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I Forge Iron

Nakedanvil - Grant Sarver

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  • Gender
    Not Telling
  • Location
    Right here at OCP Galactic Headquarters!


  • Location
    In the shadow of Mount Rainier in Washington State
  • Biography
    Blacksmith last 35+ years
  • Interests
    ALL metalworling
  • Occupation
    Owner OCP Tool Co. Mfg of the worlds best Blacksmith tools

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  1. I was interested in your induction forges but it seems like you and OCP tool are no longer active.

    1. Charles R. Stevens

      Charles R. Stevens

      I may well be wrong but If memory serves, Seldom is working the Great Forge in the afterlife. 

    2. Airyk21


      Thank you.

  2. No more than 400º. A lot of gas...........or a few pieces of wood.
  3. Good points Matt! Yeah, we should use oxidizing and reducing (and neutral) rather than rich and lean. Rich and lean describe the combustion while oxidizing and reducing describe their effect.
  4. Yeah, some folks have referred to my tongs as "ergonomic tongs" (popular moniker I guess), but I prefer what one smith called them many years ago; Eye sweet and hand friendly.
  5. If you don't know what you want to specialize in, just do everything you're able to. It'll come to you one day. Needs to be something you enjoy AND has enough potential to support you the way you require. Grant's #1 rule for success: Start out doing what everyone else is doing. At some point, start doing what no one else is doing.
  6. Pretty rare in the US with the unguided ram. The Brits often call this a "Rigby" type. Williams & White made similar ones.
  7. When calculating the weight look underneath. Most have a skirt about six-inches high and are only around 2" thick on the rest with a little ribbing. Some are solid. I had one that was kinda beat up and I flipped it over. It was solid and was machined on the other side too! Weighed 4,200lbs. 5 X 5.
  8. Nope! The frequency controls the RPM on any induction motor, number of phases has nothing to do with it.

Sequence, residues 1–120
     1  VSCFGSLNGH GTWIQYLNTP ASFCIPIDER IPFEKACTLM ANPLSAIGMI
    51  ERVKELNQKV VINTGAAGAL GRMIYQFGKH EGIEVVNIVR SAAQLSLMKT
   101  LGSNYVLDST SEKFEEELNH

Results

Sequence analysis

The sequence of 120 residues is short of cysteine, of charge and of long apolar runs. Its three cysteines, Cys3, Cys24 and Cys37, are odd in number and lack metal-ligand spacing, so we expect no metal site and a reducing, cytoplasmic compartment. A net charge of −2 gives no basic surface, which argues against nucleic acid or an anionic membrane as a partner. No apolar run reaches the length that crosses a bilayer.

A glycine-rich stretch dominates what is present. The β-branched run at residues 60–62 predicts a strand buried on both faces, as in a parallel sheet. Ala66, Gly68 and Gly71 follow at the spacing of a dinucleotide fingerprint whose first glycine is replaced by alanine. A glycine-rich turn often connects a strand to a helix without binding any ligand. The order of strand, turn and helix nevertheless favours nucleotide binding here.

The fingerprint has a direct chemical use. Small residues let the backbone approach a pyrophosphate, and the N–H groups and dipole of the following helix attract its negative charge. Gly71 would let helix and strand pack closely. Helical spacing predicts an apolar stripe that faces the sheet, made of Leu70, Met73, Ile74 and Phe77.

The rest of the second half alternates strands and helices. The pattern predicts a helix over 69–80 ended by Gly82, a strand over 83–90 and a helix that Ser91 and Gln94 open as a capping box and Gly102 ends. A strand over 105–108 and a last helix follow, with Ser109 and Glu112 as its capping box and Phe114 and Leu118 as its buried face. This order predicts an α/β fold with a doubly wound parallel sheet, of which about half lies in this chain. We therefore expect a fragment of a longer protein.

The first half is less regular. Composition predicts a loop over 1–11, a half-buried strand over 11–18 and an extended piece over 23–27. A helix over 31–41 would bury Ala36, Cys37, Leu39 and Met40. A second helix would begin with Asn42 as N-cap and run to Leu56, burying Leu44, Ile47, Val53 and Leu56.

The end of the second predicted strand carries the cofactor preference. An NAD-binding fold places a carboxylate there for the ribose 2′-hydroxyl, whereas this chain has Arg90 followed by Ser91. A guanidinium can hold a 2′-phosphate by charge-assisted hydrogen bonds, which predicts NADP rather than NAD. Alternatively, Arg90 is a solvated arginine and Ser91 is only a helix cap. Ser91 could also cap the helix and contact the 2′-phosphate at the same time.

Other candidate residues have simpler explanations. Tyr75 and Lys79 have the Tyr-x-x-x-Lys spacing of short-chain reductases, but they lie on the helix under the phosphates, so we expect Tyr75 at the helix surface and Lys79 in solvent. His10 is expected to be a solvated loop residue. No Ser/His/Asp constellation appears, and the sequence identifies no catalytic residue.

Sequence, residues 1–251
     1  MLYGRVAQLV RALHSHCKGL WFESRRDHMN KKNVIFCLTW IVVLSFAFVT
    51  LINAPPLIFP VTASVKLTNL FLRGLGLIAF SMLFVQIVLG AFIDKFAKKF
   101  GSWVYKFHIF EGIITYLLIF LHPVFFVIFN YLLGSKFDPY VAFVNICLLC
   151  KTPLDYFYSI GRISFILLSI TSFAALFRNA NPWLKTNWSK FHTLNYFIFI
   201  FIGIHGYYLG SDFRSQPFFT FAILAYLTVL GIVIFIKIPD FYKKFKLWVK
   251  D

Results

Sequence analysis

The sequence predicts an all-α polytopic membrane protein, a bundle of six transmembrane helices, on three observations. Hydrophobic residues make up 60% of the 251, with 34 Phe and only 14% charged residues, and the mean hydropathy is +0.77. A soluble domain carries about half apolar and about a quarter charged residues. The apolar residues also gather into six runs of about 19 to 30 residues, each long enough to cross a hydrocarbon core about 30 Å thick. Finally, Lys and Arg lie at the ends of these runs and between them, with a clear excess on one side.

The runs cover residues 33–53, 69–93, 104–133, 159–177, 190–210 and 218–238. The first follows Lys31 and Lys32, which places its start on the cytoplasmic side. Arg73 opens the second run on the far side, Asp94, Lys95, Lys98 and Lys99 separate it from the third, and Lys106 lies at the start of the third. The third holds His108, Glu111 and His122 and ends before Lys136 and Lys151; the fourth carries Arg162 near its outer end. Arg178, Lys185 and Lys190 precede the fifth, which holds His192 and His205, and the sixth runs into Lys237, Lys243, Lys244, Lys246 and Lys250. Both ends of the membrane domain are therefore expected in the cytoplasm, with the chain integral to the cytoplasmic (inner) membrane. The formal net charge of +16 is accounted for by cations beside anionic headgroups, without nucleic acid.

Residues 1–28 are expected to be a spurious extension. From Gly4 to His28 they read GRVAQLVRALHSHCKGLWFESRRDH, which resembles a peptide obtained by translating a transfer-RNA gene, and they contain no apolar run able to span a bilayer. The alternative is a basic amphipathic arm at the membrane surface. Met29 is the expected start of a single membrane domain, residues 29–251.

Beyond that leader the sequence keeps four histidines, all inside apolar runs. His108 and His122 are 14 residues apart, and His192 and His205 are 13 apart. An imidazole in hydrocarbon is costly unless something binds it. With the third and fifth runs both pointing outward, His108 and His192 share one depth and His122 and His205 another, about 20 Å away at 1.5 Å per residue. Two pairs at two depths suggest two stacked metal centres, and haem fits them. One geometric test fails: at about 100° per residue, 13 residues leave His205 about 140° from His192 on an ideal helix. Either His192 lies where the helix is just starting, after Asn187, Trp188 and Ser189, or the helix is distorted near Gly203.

9. This fits what I have always understood of "killing" steel Background During the steel making process, oxygen may become dissolved in the liquid metal. During solidification, the dissolved oxygen can combine with carbon to form carbon monoxide bubbles. The carbon is added to the steel as an alloying element. The carbon monoxide bubbles are often trapped in the casting and can act as initiation points for failure. How Killed Steels are Produced and Their Advantages Formation of the carbon monoxide bubbles can be eliminated through the addition of deoxidising agents such as aluminium, ferrosilicon and manganese. In the case of aluminium, the dissolved oxygen reacts with it to form aluminium oxide (Alumina, Al2O3). The formation of alumina not only prevents the formation of bubbles or porosity, but the tiny particles or inclusions also pin grain boundaries during heat treatment processes, preventing grain growth. Completely deoxidised steel are known as “killed steels”. They have a more uniform analysis and are relatively free from ageing. For a given carbon and manganese content, killed steels are usually harder then rimmed steels. Disadvantages The disadvantage of using killed steels is they often display deep pipe shrinkage. Steels That are Typically Killed Steel that are generally killed include: • Steels with carbon contents greater then 0.25% • All forging grades of steel • Structural steels with carbon content between 0.15 to 0.25% • Some special steel in the lower carbon ranges Reference: http://www.azom.com/article.aspx?ArticleID=1697
  10. Hammers and presses are like some women. When a press says "no" it means "no". With a hammer, you can keep coaxing it along till you get what you want.
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